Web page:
Dhaka, Nov 28: The Transparency International Bangladesh (TIB) has voiced concern over the cabinet’s recent approval in principle of the Draft Data Protection Act 2023, especially considering the timing amidst the announcement of the schedule for the upcoming national election.
In a press statement released today, the anti-corruption watchdog underscored the importance of this legislation and its far-reaching implications, highlighting that the process of soliciting input from the stakeholders during the law formulation has been going on for a long period.
The organisation raised questions regarding the circumstances and motives underpinning the hasty passage of this significant law by the cabinet amid the ongoing election process.
TIB has cast doubts on whether all aspects of passing such a crucial legislation have been meticulously scrutinised by the election-time government.
Although the Draft Data Protection Act has been undergoing positive revisions at various stages following recommendations from various stakeholders, including TIB, the process of incorporating globally recognised standards into a law with immense implications for citizens has been deliberately halted. The cabinet’s swift and contentious “approval in principle” of the draft law has occurred even before the incorporation of stakeholders’ feedback is completed, reads the statement.
“We submitted a number of recommendations to the relevant ministry, focusing on refining and clarifying the definition of personal data, ensuring judicial oversight for data protection, and establishing an independent supervisory body free from governmental influence,” TIB Executive Director Dr Iftekharuzzaman said.
Mentioning that the responsible ministers assured them the draft would reflect these inputs, he said, “However, we are denied the opportunity to ascertain the actual state in which the draft law has received its initial approval, or whether it adequately safeguards public interest or not.”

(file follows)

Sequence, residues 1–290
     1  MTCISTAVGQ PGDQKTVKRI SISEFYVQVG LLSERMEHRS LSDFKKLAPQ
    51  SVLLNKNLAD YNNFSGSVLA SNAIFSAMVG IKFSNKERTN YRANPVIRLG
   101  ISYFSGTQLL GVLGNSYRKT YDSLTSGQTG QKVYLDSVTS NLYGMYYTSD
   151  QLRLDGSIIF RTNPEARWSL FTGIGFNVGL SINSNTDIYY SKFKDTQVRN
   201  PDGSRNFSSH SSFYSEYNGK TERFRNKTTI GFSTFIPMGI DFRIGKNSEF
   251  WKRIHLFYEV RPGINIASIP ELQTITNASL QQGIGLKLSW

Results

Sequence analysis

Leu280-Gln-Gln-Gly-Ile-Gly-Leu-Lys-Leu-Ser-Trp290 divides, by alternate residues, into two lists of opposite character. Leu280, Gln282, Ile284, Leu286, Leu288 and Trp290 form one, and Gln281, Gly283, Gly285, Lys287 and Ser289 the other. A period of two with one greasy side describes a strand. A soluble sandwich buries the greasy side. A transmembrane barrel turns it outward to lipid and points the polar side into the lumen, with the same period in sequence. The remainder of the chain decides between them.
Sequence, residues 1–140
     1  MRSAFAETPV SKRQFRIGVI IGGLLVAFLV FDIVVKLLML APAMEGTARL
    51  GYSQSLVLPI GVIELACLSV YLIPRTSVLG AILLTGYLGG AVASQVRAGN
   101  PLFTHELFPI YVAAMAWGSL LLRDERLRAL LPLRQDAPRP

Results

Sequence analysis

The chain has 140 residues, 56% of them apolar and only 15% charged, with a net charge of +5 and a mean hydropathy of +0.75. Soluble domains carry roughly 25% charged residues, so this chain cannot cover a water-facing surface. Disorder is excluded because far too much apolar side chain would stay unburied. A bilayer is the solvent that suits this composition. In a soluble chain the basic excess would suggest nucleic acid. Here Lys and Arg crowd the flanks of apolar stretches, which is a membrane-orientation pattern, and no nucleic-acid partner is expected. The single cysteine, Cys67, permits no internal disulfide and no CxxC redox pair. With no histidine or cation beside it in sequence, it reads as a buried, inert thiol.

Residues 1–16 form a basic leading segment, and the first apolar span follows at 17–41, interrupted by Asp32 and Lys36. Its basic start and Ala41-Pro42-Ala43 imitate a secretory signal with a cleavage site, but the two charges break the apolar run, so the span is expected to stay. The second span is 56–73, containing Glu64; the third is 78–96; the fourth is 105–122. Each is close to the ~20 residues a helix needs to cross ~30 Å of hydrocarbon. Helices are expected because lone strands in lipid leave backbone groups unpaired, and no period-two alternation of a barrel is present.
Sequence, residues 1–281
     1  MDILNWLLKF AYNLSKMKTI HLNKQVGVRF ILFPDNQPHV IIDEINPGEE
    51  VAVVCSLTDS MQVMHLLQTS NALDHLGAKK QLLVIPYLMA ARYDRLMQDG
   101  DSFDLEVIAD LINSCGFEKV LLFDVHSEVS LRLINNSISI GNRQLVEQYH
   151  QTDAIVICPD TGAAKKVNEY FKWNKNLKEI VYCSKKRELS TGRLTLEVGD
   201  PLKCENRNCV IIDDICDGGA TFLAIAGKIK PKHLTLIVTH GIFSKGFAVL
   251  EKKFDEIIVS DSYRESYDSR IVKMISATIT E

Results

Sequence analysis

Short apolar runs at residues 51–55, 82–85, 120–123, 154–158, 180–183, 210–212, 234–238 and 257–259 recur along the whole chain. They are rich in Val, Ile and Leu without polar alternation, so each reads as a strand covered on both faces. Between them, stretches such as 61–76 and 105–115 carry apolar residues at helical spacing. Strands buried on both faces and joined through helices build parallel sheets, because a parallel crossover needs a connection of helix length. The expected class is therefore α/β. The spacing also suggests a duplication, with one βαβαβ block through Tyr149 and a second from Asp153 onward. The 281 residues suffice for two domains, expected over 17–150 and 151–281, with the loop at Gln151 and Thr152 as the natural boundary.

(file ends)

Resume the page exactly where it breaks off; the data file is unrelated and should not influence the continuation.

He further said, “It has been disclosed in the Cabinet Division’s press briefing that the supervisory authority overseeing personal data protection will be under the government’s control. When the government itself is the largest data processor, it represents a blatant conflict of interest for the same government to control the body responsible for ensuring data protection.
“A truly effective supervisory body must oversee the government’s data processing activities while also safeguarding citizens’ data from arbitrary access by the government or its powerful entities. However, the proposed government-controlled board is unlikely to ensure this mandate. This glaring example highlights fundamental weaknesses within the draft law.”
The TIB ED further voiced concern over an excessive reliance on policy ordinances and orders, which could introduce uncertainties in implementing the law itself and potentially lead to undue interference from the executive wing.
“It is legitimate to question the meticulousness of the decision to approve the draft, as it diverges from the practice of limiting activities of the election-time government and deferring policy decisions until the newly elected government takes charge. We anticipate that the present election-time government, despite the ‘approval in principle’ of the draft, will suspend further actions and that the post-election government will engage extensively with the relevant stakeholders to advance the formulation of an acceptable law,” he added.